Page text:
Grand County Community and Economic Development Director Zacharia Levine at the Moab Chamber of Commerce luncheon Dec. 18 presented ways the local economy stands to benefit from a new federal government program.
A large portion of Grand County excluding Main Street between Kane Creek Boulevard and the river bridge north of town has been designated an Opportunity Zone by the U.S. Department of Treasury.
As Levine puts it, the Opportunity Zone program is designed to provide tax incentives to investors who choose to invest in low-income, underserved communities. Investors who choose to invest their capital gains in Opportunity Zone funds will be able to temporarily defer taxes on that income, and the amount that’s taxable will decrease as years go by; 10 percent in five years and 15 percent within seven years. If the investment is held for 10 years, any capital gain from the investment would become permanently tax exempt.
Levine said, “There is $17-trillion in capital gains currently realized by investors,” and that it was an excellent way to “attract capital investment that would otherwise not make its way to Moab, but some other urban center.”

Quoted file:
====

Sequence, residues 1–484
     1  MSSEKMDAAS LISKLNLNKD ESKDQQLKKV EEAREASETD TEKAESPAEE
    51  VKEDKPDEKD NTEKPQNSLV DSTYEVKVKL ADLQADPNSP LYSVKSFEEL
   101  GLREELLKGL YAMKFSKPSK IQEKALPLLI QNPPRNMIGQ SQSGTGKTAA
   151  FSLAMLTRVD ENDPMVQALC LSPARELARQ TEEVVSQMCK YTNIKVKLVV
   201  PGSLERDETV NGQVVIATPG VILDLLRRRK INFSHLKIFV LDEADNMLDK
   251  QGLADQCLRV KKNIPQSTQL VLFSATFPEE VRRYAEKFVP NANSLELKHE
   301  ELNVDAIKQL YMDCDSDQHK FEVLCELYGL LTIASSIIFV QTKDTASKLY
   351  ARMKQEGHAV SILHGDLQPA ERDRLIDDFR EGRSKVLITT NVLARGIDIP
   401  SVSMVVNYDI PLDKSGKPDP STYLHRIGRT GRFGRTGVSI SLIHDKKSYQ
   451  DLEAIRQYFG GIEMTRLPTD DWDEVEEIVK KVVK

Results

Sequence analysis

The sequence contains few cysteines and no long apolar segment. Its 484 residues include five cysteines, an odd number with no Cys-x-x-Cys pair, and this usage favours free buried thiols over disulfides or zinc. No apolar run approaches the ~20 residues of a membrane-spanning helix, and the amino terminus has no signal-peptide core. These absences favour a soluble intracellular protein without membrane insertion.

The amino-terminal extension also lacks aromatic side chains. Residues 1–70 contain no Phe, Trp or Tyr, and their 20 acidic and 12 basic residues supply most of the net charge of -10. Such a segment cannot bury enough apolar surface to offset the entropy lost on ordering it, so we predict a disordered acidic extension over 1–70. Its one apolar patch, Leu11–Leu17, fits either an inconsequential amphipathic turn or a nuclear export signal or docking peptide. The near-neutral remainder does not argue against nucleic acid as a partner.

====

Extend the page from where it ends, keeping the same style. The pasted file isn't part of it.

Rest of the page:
The OZF program was included as part of the Tax Cuts and Jobs Act, the first major tax break from the Trump administration in December of 2017. It’s been largely overshadowed by the controversy of the act, which opponents argue only benefitted large corporations and the extremely wealthy. The designation of Opportunity Zones wasn’t complete until June and has only recently made its way towards implementation.
Some criticism of the incentive involves the process of designating Opportunity Zones by state governors, their lack of transparency on areas chosen, and the potential for areas adjacent to struggling communities to receive the benefit due to the allowance of contiguous designations. Of the 46 communities designated Opportunity Zones by Utah Gov. Gary Herbert, 19 were rural communities.
When asked how to combat the potential for developers to take advantage of loopholes that might not work, counter to the intention of the program, Levine said the solution was “through incentives and indirect support of desirable, inclusive and beneficial development – the less our community needs to be preoccupied by playing defense.”